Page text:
Still, Moreau was perceptive enough to understand that a formal Greek adoption of a constitution would be a diplomatic blow against Mustafa and Selim. The Athenian representatives grumbled as they passed a temporary governing charter that essentially mirrored pre-existing Ottoman Greek society to continue the operations of the government, even while their drafters made ongoing changes to their constitution. For Greece to survive as a liberal republic the political and legal timing needed to be perfect and Moreau just learned that Napoleon had taken the Via Militaris to Adrianople.

—————- Author’s Notes —————

[1]: These being the old Greek and Roman names for Belgrade and Istanbul.

[2]: The title “Emperor of All Russia” (sometimes incorrectly referred to as “all the Russias” thanks to its wording when reading the title or replacing “Emperor” with “Tsar”) is a Russian imperial title that began during the reign of Peter the Great in connection with the victory in the Great Northern War and appeared as the adaptation of the Tsar’s title under the accepted system of titling in Europe. From what I can tell, it stems from the medieval practice of whereby the Grand Duke of Muscovy would title himself “Grand Duke of Muscovy and all Rus’” since in those days the Kievan Rus (predecessor to Russia) was a collection of principalities of which Moscow came to dominate. Moscow eventually formed a “Russian State” which formally became the “Russian Empire” under Peter the Great with Peter acting as “Emperor of All Russia”. In this fictional quote, Napoleon is misinterpreting the title to claim that Alexander is the “tsar of all the russia(n)s” and will do what is best for Russia, not necessarily all of the other Slavic peoples.

[3]: A seriously underrated part of the enlightenment and the late 18th century and early 19th century European nationalist movements was this revitalization of local languages at the expense of common languages like German, French and Latin. At the same time these movements were occurring in Greece, intellectuals in Hungary were polishing modern Hungarian at the expense of Latin (still used for administration and academics) and German (the preferred linga franca of the Hapsburg lands). This tied heavily with cartography (often fudged by the mapmakers) which produced series upon series of regional maps that often pushed certain narratives (we saw this in “Serbian Revolution” chapter when a late 18th century atlas showed the Serbian people their widespread national boundaries at the expense of Ottoman and Austrian imperial stability. It also played on national histories such as the Serbian idealization of a brief medieval empire or the Slovak idealization of the ninth century Great Moravian Empire. In short, the late enlightenment led to a massive boom in scholarly work, which was published in regional languages and often coopted by the nationalistic sentiments of the young people who studied them.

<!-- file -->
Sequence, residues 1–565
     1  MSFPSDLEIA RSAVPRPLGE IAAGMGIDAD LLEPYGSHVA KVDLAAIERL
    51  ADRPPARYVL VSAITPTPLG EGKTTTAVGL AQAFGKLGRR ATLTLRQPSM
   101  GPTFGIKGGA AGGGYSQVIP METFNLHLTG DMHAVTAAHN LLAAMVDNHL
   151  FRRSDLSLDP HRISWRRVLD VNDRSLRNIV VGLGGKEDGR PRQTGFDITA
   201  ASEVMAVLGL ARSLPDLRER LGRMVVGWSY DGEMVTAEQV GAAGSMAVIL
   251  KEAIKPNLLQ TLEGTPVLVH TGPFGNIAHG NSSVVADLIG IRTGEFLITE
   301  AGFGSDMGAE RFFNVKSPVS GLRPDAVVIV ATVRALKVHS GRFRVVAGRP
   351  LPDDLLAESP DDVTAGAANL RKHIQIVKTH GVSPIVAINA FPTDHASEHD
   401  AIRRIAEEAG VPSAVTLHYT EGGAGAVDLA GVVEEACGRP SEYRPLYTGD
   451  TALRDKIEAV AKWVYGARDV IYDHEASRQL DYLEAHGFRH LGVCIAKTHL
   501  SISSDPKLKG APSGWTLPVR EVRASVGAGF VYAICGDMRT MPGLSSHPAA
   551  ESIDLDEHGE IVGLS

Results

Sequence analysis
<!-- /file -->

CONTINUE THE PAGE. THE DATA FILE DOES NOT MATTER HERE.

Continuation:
Source Materials

Karayiannis, Anastassios; Ithakissios, Dionyssios. “Hellenic Nomarchy: A Discourse on Freedom. An Early 19th Century Greek Humanist Treatise.” Stora Delpensiero Economico, 1999.

Kitromilides, Paschalis. “From Republican Patriotism to National Sentiment A Reading of Hellenic Nomarch”. University of Athens and Institute for Neoheilenic Research/NHR, 2006.

Roberts, Andrew. “Napoleon: A Life.” Penguins Books, 2014.

Trencsényi, Balázs; Kopeček, Michal. “Discourses of collective identity in Central and Southeast Europe (1770–1945): texts and commentaries”. Central European University Press, 2006.